The simple truth is hormonal contraceptives, abortion-inducing drugs, and sterilization are not essential to women’s health and, in fact, are often harmful. They are elective medical interventions that take a perfectly functioning reproductive system and render it sterile, incurring the risk of serious side effects in the process. This is the antithesis of true preventive medicine that maintains health and prevents disease.

The Guttmacher Institute then argues that 99% of women use some form of contraception during their reproductive years so it must be necessary. They base this statistic on a National Health Statistics Report issued in 2013. In citing this statistic, the Guttmacher Institute implies that because 99% of American women have elected to use some form of contraception at least once between the ages of 15 and 44, the Federal Government has a compelling interest to make sure all women have access to hormonal contraception at no cost. Using the same logic, I could argue that 99% of American women have eaten chocolate at least once between the ages of 15 and 44 and therefore the Federal Government should guarantee free chocolate to women. At least chocolate doesn’t cause cancer or strokes. However, as much as I would like to advocate for free chocolate, the logic does not hold. Both using hormonal contraceptives and eating chocolate are elective, non-essential activities. There is no compelling government interest to make either free chocolate or free birth control pills available to every American woman.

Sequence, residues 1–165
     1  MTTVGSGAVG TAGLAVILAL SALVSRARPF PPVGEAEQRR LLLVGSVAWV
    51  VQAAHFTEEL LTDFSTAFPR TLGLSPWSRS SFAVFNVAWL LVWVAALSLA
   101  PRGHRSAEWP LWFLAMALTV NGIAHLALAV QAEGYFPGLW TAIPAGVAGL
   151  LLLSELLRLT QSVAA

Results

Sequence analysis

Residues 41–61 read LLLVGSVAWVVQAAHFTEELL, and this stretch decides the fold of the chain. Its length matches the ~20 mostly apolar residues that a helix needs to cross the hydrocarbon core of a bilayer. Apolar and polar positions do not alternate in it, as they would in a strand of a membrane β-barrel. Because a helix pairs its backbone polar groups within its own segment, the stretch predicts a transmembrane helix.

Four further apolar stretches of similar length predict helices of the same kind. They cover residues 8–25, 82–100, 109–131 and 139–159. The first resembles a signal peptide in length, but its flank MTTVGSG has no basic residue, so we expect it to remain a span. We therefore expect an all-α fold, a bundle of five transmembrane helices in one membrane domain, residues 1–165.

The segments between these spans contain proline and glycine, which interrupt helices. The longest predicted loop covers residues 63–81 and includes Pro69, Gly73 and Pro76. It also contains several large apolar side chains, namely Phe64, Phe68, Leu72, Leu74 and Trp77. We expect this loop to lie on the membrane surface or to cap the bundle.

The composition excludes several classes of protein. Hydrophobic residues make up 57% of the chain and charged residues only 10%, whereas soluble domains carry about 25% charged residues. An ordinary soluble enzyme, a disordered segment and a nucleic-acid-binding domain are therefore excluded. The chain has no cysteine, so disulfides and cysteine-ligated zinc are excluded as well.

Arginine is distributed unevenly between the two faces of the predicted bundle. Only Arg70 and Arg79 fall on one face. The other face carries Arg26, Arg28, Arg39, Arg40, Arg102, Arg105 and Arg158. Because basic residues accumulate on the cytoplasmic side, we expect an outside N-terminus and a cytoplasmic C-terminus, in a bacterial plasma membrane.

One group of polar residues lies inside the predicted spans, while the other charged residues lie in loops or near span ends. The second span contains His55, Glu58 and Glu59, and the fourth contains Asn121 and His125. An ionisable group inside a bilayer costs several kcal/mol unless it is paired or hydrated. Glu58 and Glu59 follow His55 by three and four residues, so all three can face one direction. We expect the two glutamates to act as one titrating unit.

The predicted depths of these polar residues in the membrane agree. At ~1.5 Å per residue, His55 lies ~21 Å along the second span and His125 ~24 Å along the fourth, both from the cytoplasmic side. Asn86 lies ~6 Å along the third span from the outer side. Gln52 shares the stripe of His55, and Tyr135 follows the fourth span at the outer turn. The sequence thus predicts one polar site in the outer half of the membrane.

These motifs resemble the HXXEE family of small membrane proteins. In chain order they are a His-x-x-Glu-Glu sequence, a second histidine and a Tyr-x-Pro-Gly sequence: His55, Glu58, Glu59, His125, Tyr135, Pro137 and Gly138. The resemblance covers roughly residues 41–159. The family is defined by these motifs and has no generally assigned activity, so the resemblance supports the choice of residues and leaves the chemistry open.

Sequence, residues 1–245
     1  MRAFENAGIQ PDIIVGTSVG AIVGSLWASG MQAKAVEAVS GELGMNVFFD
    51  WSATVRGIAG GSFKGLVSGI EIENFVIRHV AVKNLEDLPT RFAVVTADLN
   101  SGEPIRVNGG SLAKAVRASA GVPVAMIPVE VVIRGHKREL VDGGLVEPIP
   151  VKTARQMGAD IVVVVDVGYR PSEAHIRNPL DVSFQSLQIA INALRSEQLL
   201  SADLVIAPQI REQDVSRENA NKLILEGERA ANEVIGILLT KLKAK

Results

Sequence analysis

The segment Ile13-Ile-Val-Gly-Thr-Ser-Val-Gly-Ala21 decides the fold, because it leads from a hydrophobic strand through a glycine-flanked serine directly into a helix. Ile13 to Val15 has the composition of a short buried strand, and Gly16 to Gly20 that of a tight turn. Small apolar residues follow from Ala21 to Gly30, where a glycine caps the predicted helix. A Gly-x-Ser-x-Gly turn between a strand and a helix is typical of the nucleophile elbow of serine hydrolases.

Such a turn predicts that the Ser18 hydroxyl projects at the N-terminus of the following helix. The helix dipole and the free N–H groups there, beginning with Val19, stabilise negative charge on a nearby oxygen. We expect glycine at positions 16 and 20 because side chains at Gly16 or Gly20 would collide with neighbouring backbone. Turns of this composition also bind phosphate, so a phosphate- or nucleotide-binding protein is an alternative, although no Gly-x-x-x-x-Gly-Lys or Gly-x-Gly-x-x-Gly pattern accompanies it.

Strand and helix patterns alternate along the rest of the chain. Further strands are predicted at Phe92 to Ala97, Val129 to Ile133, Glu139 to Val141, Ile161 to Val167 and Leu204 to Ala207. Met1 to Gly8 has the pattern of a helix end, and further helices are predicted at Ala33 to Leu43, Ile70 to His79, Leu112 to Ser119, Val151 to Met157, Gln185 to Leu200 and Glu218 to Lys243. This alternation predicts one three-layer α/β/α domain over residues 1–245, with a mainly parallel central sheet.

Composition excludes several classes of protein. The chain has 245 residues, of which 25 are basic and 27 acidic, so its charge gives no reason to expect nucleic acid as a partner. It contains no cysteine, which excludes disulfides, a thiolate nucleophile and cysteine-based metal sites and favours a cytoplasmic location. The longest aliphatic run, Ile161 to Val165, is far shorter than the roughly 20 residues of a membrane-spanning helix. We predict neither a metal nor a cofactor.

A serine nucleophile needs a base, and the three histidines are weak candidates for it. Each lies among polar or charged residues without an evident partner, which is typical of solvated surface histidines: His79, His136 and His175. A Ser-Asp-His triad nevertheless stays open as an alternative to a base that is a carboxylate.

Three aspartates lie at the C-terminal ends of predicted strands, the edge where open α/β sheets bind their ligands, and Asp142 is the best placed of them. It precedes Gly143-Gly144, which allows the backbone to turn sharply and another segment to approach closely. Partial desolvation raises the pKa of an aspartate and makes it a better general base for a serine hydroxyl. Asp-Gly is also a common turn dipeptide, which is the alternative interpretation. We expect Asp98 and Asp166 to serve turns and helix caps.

In addition, the Guttmacher Insitute cites this statistic to bolster their argument that a government mandate for free contraception is critical for access to contraception. However, if 99% of women have been able to utilize contraception without a government mandate in place, there does not seem to be any obstacles to access. The Guttmacher Institute is advocating for a solution to a problem that does not exist!